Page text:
A national nonprofit has purchased a sprawling 3,654-acre ranch near San Jose, California, with plans to convert it into a new nature preserve with trails for hikers.
As one of the last remaining private ranches along the ecologically sensitive Coyote Ridge, the 6-square-mile swath will protect vital wildlife habitat and serve as a critical link along the iconic Bay Area Ridge Trail.
The Conservation Fund acquired Richmond Ranch to ensure the property will be permanently protected from development.
The 15 square-km ranch has long been a conservation priority, with many nonprofits and government agencies trying to acquire it over the last 20 years.
The Conservation Fund purchased the acreage for $16 million from the China-based company Z&L Properties, which has owned the property since 2016.
Z&L agreed to offer a deep discount from the appraised value of nearly $35 million to aid in the conservation. The Fund structured the purchase with financial support from the Gordon and Betty Moore Foundation and the Wildlife Conservation Network, and will hold the ranch until public park agencies, like the Santa Clara Valley Habitat Agency, can assemble financing and complete planning to take ownership.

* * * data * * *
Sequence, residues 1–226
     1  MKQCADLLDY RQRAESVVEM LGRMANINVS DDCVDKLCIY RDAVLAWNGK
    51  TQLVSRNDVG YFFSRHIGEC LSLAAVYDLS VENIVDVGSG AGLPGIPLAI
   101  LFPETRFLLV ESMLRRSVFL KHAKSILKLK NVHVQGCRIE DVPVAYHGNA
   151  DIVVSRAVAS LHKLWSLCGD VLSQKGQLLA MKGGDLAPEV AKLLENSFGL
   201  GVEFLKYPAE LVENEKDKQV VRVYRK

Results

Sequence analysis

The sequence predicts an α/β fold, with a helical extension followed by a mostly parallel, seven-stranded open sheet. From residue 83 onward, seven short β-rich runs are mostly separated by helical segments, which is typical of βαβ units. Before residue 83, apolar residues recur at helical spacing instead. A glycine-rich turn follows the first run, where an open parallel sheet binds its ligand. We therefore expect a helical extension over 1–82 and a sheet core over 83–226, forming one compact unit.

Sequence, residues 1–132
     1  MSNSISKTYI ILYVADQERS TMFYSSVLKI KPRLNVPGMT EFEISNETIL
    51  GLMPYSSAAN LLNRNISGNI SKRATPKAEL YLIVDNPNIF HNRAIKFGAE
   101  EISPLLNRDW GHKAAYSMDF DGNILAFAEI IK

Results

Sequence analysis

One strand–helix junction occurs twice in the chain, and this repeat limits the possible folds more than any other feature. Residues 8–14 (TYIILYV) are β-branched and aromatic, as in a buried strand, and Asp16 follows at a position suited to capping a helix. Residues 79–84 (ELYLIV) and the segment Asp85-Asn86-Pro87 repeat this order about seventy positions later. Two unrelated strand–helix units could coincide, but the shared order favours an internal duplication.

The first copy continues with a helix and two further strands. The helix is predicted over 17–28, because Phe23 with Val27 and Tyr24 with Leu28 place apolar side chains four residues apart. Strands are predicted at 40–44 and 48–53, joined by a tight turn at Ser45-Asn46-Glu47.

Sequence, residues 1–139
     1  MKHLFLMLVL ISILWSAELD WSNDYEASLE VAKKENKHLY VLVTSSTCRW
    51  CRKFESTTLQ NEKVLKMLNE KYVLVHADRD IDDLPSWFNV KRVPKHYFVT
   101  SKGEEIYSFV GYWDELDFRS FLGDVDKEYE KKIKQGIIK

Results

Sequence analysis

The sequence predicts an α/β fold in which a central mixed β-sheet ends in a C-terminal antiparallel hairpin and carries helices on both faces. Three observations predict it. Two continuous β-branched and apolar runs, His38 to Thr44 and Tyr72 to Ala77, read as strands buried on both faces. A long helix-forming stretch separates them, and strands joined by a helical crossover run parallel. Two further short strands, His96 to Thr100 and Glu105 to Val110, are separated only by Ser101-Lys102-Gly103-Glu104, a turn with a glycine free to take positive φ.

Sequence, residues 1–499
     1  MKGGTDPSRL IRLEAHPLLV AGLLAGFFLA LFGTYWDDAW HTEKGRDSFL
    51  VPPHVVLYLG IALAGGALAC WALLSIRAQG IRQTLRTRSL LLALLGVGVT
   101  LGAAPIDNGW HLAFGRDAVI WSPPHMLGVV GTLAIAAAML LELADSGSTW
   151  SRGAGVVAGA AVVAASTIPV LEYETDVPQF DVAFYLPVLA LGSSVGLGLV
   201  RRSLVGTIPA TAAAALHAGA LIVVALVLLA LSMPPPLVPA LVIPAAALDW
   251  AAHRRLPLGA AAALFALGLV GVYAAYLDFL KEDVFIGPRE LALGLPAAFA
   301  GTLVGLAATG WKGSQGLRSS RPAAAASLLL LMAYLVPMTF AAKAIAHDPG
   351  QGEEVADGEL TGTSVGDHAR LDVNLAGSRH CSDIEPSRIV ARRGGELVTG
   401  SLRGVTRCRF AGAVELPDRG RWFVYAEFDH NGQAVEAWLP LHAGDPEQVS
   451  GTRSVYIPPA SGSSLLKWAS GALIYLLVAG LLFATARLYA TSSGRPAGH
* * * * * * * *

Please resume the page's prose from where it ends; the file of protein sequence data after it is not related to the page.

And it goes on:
The San Francisco Chronicle reported that Z&L had been snapping up real estate around the Bay Area for years and “its purchase of the ranch for $25 million eight years ago came as a disappointment to South Bay conservationists.” But recently they sought to offload the property.
“We were not expecting it to come back on the market, and we’re very excited the deal came through,” said Eric Ross, Santa Clara County Parks and Recreation senior real estate agent.
“We’re thrilled that The Conservation Fund was able to bring together the partners and financing to finally achieve the goal of protecting Richmond Ranch permanently,” said Dan Medeiros, The Conservation Fund’s conservation project manager.
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“Protecting it has the potential to change the region’s landscape, connecting fragmented parkland and habitats and delivering so many benefits — to wildlife and nature and to people in surrounding communities.”
The land is home to several endangered and threatened species, including puma, American badger, Tule elk, bobcat, gray fox and coyote.
By linking with a number of state parks and existing protected areas, the property maintains vital habitat connectivity that allows wildlife to move and migrate between the Santa Cruz Mountains and the Diablo Range. It will also link to the proposed Bay Area Ridge Trail, offering a trailhead near San Jose.
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“We all recognize the Coyote Ridge corridor as critical to state-wide wildlife connectivity, and protecting Richmond Ranch represents a major step forward,” said Dan Winterson, who manages the conservation portfolio at the Gordon and Betty Moore Foundation. “And thanks to the great work of The Conservation Fund and generosity of Z&L Properties, we are able to get a tremendous return on investment for everyone who cares about conservation.”
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